Thanks to a really good turnout on New Year's Eve, plus some sterling follow up work by Rob & Rose Mabbett, John Coates and Chris Wiltshire, I am pleased to report that the core area egg count is now virtually complete. There is just one hedgerow to the east of Grafton Wood to complete at our last planned public count this coming Sunday, 21st January and then we are footloose and fancy free! The count overall has produced a very similar total to the previous winter: 590 eggs so far against 578 last year. Given the considerable increase in the number of adult sightings last Autumn, this is perhaps surprising, but we have noticed before that there appears to be no relationship between the number of adults recorded and the consequent egg count. I suspect that the number of eggs laid within a given area is in fact more a reflection of the quality of the habitat available than the number of adults and this is borne out if we examine the individual hedgerow counts. Thus, the southern edge of Grafton Wood, where there is a considerable amount of young regenerating blackthorn available, saw an almost 100% increase in the number of eggs compared to last year, while the 'island' in the orchard, half of which is newly cut and the other half over-mature thereby offering little suitable habitat, provided a sharp fall in egg numbers. Correct management is certainly the key and local wood owner Bob Steele, who has put a lot of effort into Brown Hairstreak management over the years, will I am sure be delighted to know that his egg count this year was the highest ever recorded. Rotational management is not the whole story, however, and location also plays its part, with some hedgerows generally holding good numbers of eggs every season almost irrespective of their condition. This may be related to the proximity of these hedgerows to assembly trees where females congregate for mating with the resident males but we need much more data before we can make any confident assertions that this is the case.
One thing that is very poorly understood with the Brown Hairstreak are the factors causing dispersal. Was it the case that a period of prolonged sunny weather in August/September 2006 meant that adults were more likely to fly away from their core breeding areas close to the woodland edge into the surrounding countryside? Certainly, the two eggs found in the most recent 1km squares added to the distribution map (SO9458 and SO9156) were both some distance from any woodland. In fact, both finds demonstrate the tremendous abilities the females possess at finding blackthorn. The first in Himbleton village was on an isolated roadside patch of blackthorn while the second, which I recorded last weekend, was on a small piece of blackthorn growing within a long hedgerow that was predominantly hawthorn. The continuing perversity of the species was evidenced by the fact that a subsequent search of a nearby hedge that was virtually 100% blackthorn produced not a single egg!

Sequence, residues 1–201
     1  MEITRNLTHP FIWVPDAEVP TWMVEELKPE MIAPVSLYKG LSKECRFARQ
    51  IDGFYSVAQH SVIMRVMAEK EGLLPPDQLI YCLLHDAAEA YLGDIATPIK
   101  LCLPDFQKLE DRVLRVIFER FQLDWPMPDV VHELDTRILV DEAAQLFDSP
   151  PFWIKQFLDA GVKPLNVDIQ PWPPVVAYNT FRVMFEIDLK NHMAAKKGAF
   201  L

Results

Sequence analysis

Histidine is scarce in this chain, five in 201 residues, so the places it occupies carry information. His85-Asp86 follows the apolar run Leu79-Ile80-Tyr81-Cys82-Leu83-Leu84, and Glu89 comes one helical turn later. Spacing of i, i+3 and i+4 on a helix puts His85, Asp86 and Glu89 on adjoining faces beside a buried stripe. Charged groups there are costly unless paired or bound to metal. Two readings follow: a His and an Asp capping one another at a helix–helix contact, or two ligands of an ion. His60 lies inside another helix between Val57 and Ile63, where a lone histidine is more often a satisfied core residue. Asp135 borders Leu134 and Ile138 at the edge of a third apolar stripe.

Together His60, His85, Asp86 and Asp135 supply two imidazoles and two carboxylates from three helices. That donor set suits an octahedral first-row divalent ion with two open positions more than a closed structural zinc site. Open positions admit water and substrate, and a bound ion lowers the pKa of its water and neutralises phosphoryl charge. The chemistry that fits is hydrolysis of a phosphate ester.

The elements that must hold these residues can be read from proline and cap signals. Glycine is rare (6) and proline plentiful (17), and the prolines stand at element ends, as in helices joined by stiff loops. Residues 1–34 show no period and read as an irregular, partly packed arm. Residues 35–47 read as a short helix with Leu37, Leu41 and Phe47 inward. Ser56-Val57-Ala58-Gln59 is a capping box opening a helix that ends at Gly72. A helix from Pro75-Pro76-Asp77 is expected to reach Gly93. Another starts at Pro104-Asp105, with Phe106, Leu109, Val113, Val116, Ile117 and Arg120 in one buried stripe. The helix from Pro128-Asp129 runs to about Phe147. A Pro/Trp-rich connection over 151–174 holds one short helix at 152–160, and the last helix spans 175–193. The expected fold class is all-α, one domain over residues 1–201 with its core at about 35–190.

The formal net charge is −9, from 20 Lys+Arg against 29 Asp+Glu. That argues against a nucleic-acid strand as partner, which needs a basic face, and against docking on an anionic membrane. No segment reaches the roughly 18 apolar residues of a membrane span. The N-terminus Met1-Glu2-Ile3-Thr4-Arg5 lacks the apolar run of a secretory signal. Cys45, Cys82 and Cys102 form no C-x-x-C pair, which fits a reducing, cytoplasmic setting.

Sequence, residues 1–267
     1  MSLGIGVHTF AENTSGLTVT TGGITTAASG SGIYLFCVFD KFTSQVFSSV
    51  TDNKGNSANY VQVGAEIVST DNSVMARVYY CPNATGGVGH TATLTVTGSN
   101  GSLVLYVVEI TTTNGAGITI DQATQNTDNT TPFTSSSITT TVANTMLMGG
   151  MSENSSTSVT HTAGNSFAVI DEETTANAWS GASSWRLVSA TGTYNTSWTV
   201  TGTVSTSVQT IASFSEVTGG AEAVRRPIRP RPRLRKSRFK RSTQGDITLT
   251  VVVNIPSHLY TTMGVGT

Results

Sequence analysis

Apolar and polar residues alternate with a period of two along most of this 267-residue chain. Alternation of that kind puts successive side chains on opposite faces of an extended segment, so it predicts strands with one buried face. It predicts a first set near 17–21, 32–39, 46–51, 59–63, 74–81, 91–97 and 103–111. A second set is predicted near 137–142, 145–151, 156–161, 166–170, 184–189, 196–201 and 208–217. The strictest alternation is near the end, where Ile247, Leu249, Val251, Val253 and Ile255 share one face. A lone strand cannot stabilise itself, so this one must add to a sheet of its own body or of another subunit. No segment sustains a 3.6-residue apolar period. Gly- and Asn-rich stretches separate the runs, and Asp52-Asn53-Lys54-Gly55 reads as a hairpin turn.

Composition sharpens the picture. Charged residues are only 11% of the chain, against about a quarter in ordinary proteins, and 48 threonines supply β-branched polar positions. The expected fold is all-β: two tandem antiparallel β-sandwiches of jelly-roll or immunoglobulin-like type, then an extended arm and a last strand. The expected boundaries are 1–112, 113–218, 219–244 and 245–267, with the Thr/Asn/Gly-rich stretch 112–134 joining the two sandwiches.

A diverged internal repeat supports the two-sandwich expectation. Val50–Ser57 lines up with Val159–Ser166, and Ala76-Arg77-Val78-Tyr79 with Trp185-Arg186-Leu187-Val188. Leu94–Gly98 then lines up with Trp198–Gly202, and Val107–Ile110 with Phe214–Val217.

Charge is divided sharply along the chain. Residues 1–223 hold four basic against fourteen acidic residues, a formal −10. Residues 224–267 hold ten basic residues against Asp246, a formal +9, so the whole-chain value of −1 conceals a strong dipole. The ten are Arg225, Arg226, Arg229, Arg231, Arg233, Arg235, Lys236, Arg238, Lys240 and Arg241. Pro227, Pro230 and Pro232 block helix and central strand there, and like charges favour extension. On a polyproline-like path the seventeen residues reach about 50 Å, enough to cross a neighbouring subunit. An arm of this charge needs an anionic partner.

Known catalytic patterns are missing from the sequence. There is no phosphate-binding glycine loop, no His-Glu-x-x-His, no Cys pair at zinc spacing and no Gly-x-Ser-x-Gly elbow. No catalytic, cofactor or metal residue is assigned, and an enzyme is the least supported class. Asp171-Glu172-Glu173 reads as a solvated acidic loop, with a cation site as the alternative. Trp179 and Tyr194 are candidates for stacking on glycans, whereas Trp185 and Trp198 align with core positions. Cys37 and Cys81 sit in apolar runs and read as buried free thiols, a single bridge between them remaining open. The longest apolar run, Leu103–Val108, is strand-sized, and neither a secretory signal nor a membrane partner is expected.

Hopefully, we can put some of these theories to the test this coming weekend as we should be able to finish off the remaining core hedgerow fairly quickly and then launch into some further square bashing activities. Two very obvious holes in the current distribution map (see attached, with thanks to Nigel Stone) are the squares centred on Crowle village (SO9256) and the square just to the east of Inkberrow (SP0257). These would be very good targets for some of our local champions to fill. Just in case anyone has forgotten what Brown Hairstreak eggs look like (as if!), I am attaching an excellent photo of a double taken by Les Clarke, one of our newly recruited Champions, who joined in for the first time on our December foray. Another promising area for further investigation is the M5 corridor east of Droitwich. After the discovery of an adult almost next door to the motorway last September, it would be interesting to see if we could find eggs in this area. A very useful new contact for Butterfly Conservation's Hedgerows for Hairstreaks project is the Highways Agency who are responsible for the motorway and other trunk roads in the county. Andrew Brett plus a couple of colleagues attended the New Year's Eve egg count and he expressed willingness to consider the idea of introducing blackthorn planting onto motorway embankments. So finding eggs in this area could potentially bring about direct conservation benefits.
The meeting place and time on Sunday, 21st January is 10.00 am outside Grafton Flyford Church and I look forward to seeing people there especially those local champions that have not yet been able to support our previous two counts. The weather forecast for Sunday sounds rather more encouraging so hopefully we will have a good day.
Brown Hairstreak Species Champion
Web Counter by TrafficFile.com